Lookbacks: Burning Bush Supper Club by Bear Hands

Are you a fan of nasally indie rock with lyrics that at times make absolutely no sense?

I have just the album for you.

Burning-bush-supper-club

This week’s Lookback focuses on indie rock band Bear Hands’ debut album Burning Bush Supper Club.

BBSC released in November of 2010 and received fairly positive reviews from publications like Pitchfork, Spin, and even The Washington Post.

The album is an introduction into the wacky lyrics and experimental guitar riffs that make Bear Hands…well, Bear Hands. Front man Dylan Rau’s nasally vocals alongside the infectious and quirky guitar rhythms create an unforgettable debut that leaves you wondering what the hell they were even smoking.

Photo Courtesy of Noisy Planet Blog
Photo Courtesy of Noisy Planet Blog

BBSC starts off with “Crime Pays”, a track which (as I mentioned before) outlines Rau’s particularly whiny vocals. Don’t let this deter you from their music though, Bear Hands have such a unique style that it’s kind of hard not to really get into.

Tracks like “What A Drag” and “Can’t Stick Em” are indie rock gems, both of which include a great rhythm and harmony you can’t escape. Yes, the lyrics may be pointless, but thee music draws you in and threatens to never let you go.

Pitchfork‘s Rebecca Raber gave BBSC a 7.1 out of 10.

“Bear Hands excel at crafting songs that chug manically under a cloud of reverb or coax wallflowers out onto the dancefloor with an infectious marriage of musical precision and experimental messiness.”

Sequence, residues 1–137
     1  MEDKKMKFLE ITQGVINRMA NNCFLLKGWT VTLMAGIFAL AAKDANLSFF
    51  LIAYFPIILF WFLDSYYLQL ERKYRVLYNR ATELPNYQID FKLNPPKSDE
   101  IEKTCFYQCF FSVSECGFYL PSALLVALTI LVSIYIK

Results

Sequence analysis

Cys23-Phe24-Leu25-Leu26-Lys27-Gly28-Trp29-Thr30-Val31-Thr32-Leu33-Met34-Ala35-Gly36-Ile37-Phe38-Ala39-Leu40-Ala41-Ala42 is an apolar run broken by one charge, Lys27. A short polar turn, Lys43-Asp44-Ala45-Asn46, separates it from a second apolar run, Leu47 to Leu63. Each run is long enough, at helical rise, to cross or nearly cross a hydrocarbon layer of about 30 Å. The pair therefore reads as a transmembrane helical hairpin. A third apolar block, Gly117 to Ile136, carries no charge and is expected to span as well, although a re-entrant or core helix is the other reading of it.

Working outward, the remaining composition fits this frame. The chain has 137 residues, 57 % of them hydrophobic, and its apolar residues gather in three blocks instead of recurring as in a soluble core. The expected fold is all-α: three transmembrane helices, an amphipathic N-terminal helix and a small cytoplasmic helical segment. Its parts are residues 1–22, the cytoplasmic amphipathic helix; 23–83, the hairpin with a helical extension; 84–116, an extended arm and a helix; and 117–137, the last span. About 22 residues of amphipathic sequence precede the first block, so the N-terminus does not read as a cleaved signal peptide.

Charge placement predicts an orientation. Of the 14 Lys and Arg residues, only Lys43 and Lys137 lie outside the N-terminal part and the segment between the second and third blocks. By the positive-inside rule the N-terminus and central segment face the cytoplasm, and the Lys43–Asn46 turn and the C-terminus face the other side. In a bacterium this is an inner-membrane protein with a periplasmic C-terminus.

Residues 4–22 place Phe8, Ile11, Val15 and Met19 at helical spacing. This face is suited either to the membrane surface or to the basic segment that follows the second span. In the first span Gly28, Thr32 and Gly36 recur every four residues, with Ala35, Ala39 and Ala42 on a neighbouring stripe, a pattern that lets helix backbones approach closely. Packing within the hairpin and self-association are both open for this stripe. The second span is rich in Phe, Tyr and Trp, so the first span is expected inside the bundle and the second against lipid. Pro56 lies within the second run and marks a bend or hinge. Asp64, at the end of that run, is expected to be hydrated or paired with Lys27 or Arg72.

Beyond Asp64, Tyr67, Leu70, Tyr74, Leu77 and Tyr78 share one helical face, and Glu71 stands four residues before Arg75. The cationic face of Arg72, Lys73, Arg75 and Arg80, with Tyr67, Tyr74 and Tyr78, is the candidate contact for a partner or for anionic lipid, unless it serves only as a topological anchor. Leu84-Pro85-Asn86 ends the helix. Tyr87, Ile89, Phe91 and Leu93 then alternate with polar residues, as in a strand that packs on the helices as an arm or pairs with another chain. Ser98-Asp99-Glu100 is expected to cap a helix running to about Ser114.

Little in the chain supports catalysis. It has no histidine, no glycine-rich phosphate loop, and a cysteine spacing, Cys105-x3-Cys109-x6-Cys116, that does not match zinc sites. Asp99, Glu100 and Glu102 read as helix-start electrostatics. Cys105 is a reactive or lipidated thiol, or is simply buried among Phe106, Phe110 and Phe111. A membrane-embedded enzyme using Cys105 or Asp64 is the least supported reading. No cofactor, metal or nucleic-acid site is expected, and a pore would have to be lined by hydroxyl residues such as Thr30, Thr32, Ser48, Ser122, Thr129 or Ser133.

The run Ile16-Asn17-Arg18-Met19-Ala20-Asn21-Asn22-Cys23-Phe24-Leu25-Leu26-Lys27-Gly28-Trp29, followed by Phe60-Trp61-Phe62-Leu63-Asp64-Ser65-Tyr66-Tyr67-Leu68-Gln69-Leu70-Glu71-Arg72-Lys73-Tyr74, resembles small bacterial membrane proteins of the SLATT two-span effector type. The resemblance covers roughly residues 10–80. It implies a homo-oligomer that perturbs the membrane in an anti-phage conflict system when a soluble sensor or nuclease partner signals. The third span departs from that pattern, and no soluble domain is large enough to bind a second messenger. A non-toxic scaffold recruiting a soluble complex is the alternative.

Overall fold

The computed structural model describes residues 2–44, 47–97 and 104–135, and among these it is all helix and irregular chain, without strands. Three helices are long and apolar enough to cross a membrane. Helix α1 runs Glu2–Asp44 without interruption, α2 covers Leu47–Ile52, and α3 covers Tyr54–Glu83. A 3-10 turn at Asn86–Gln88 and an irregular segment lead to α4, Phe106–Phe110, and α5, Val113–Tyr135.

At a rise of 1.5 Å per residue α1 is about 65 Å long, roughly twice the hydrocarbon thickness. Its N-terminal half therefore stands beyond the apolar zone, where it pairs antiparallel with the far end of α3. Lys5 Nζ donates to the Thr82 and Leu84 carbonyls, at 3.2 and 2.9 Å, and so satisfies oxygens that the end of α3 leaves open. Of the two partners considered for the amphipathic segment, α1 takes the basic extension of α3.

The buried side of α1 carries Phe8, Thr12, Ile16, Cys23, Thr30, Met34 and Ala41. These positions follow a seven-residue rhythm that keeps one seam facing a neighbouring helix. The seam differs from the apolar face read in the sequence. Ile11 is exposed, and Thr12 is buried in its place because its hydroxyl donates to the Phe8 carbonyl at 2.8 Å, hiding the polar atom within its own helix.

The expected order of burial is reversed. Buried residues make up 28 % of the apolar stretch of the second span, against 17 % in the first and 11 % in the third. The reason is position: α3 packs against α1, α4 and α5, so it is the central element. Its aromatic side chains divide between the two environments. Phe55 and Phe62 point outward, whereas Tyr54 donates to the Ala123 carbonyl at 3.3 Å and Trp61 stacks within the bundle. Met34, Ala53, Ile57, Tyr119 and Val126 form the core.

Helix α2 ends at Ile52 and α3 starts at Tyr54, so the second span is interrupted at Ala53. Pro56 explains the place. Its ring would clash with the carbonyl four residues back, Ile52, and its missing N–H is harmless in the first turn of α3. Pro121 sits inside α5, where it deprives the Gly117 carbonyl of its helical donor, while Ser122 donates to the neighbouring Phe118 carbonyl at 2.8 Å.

Spin‘s Kenny Herzog gave the album 6 out of 10 stars.

“..the full-length debut from these playful Brooklyn rockers (and Wesleyan alumni) is exactly the sort of record that New York needs: urgent, fun, big, and bright.”

and last but not least, The Washington Post‘s David Malitz gave the album a ‘Favorable’ rating.

“While the quartet definitely isn’t the first to build a sound on jumpy guitars, chirpy vocals and stilted rhythms, there’s a weirdness to the songs that helps give the band its personality.”

I picked Burning Bush Supper Club as this week’s lookback because I feel as if this album is often foreshadowed by their recent release Distraction.  I, personally, prefer Distraction, but I still believe Burning Bush Supper Club deserves more recognition than it has now.

Experimental rock at its finest, Bear Hands ensure to provide the listener with that weird sound they’re known for.

You can stream Burning Bush Supper Club below. You can also check out Bear Hands’ catalog on iTunes and Amazon.

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